Easy Ways to Remove Chemical Residues from Fresh Produce
If you can’t buy organic, learn how to wash harmful pesticides from your fruit and vegetables with this easy guide.
Since the publication of the Environmental Working Party’s “Dirty Dozen” of fruits and vegetables most contaminated by pesticide, we’ve all become more aware of the need to avoid these foods or buy organic. But some of these foods, such as grapes or cherries are too delicious to miss, too expensive to buy organic, and too tricky to grow. In these situations, the only answer is to learn how to reduce the pesticide content.
Washing Fruit and Vegetables with Detergent
Agricultural pesticides do not come off with water alone (or farmers would not use them). Luckily, just adding washing-up liquid (detergent) to water and generously swishing the fruit or vegetables around for a couple of minutes can often lift off much of the pesticide residue. (You can test this by dipping organic grapes in water, and comparing this with dipping pesticide-laden grapes in water, and then in soapy water. The pesticide content is immediately obvious.)
Washing Fruit and Vegetables with Vinegar
Some people swear by vinegar, and use one part vinegar to three parts water. This is great for removing bacteria, and may help break down wax, too. The editors of Cooks Illustrated magazine tested this theory by using four different methods to clean pears and apples: a vinegar and water solution (3:1, water:vinegar), antibacterial liquid soap, scrubbing with a stiff brush, and just using plain water. Not only did the vinegar mixture work the best, it was far, far better when measured for bacteria — it removed 98% of bacteria, compared to just under 85% for scrubbing. The quickest way to do this at home is to keep a bottle of vinegar with a spray-top — just spray the fruit or vegetables with vinegar, then rinse under a tap. If you’ve got longer to spare, leave fruit or vegetables soaking for 10–20 minutes in a vinegar/water solution, then rinse.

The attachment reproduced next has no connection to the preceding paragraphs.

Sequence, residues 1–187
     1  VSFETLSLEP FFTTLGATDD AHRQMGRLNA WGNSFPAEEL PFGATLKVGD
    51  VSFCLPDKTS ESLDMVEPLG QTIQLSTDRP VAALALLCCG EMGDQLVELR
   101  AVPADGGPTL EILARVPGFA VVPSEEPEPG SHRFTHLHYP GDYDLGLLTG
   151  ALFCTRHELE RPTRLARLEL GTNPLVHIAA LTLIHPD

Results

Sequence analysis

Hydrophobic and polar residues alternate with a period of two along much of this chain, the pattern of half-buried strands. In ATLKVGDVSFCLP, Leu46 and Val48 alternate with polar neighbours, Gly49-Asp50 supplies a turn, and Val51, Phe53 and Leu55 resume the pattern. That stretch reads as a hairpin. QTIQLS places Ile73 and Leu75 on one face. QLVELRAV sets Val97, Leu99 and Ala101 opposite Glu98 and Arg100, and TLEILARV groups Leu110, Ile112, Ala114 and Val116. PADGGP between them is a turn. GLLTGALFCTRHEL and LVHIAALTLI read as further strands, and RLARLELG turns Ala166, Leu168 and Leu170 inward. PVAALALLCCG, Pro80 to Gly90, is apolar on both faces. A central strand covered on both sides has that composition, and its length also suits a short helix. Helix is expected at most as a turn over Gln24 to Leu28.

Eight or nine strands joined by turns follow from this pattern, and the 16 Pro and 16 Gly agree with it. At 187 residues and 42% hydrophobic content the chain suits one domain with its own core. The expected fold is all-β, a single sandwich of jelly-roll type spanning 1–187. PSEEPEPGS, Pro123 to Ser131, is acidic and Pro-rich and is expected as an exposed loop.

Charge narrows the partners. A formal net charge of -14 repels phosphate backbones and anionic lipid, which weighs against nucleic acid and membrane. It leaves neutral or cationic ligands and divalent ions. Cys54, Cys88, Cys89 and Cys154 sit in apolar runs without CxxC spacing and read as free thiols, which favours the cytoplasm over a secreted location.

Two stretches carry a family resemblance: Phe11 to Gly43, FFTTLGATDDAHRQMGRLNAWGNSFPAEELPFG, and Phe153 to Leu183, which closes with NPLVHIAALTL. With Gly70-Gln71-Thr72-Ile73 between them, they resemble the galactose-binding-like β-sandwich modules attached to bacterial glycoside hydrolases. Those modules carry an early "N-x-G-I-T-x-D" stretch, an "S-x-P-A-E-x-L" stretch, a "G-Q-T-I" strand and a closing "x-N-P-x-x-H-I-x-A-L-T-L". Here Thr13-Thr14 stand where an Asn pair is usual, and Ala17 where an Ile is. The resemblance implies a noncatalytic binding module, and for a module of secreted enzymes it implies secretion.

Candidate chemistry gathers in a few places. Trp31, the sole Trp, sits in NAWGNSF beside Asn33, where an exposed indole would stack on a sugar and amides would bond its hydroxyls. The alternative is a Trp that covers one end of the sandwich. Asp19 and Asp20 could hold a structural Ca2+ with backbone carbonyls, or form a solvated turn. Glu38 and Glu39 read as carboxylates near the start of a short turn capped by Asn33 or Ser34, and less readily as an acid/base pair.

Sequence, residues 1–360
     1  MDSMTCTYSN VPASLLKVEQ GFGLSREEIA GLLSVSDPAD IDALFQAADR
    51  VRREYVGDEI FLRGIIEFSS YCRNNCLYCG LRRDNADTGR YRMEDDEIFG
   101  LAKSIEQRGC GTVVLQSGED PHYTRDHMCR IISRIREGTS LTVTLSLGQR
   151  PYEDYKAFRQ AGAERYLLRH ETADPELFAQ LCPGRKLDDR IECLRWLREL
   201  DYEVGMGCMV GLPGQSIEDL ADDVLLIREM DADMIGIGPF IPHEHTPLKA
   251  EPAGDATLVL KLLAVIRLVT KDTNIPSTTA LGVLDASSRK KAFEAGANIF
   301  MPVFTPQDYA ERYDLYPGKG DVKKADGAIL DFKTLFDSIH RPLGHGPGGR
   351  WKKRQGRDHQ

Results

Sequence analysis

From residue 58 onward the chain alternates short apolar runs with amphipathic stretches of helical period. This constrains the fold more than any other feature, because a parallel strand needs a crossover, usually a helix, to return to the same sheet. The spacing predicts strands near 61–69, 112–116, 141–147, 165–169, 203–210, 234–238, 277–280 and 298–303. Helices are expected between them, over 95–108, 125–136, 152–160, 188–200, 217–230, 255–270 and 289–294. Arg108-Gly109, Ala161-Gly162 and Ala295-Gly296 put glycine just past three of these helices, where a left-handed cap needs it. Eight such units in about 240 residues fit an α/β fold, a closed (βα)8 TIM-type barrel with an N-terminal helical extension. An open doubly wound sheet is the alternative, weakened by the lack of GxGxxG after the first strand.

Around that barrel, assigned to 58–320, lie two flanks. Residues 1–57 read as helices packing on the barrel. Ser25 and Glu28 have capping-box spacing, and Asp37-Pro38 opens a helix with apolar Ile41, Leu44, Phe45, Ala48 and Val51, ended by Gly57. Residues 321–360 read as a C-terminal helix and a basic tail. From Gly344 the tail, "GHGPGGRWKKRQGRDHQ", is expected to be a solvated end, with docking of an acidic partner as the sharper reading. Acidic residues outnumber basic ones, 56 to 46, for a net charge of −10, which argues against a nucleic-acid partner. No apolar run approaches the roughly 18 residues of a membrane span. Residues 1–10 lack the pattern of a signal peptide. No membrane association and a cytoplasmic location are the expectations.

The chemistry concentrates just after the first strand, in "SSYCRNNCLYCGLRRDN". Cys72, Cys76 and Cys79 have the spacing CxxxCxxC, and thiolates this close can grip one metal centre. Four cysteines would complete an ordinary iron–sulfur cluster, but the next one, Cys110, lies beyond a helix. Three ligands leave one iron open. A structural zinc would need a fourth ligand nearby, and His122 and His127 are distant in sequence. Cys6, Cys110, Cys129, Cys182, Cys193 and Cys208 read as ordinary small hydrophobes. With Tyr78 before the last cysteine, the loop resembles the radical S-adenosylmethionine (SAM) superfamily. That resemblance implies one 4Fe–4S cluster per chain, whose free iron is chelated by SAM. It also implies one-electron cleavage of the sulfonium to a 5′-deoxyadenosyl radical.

Using a Commercial Fruit Cleaner
There are many commercial fruit cleaners available on the market, some of which are made up of 100% natural produce – normally some form of citric acid. These claim to remove wax, pesticides and 99.9% of bacteria (including e.coli, salmonella, Staphylococcus aureus, etc). If you avoid the ammonia-based products, and opt for these natural ones, they are safe, leave no smell or taste,
Make Your Own Fruit and Vegetable Super-cleaner
You can opt for a simple detergent- or vinegar-based wash (see above), or make a super-wash, using either of the following mixes:
1 tablespoon of lemon juice, 2 tablespoons of baking soda, 1 cup (250ml) of water. Put the mixture in a spray-topped bottle. Spray the fruit or vegetables, leave to sit for 5–10 minutes, then rinse well.
1 tablespoon lemon juice, 2 tablespoons white vinegar (distilled works best), 1 cup (250ml) water in a spray-topped bottle. Spray the fruit or vegetables, wipe and eat.
For particularly waxy fruit or vegetables, try this mixture:
1 cup (250ml) water, half a cup (115ml) vinegar, 1 tablespoon baking soda and dash of grapefruit seed extract. Spray this onto the produce and leave for an hour before rinsing and eating.
Peeling Fruit and Vegetables
This is often the best way to substantially reduce the pesticide load, especially from apples, which are the most contaminated of all the fruits and vegetables. Pears, nectarines and peaches can also be peeled, as can many vegetables. Wash the fruit or vegetables well before peeling, or you can transfer pesticides (or bacteria) to the peeled fruit or veg.
Discarding Outer Layers
Eat only the inner layers of produce that you won’t be cooking, such as lettuce and other salad vegetables (including onions). Discard the outer layers, as these will have more pesticides on them from crop spraying. Assume that the outside layer of any fruit or vegetable will have absorbed most of the pesticides (though some will have also have been absorbed from the soil), and wash/peel or discard these outer layers whenever you can.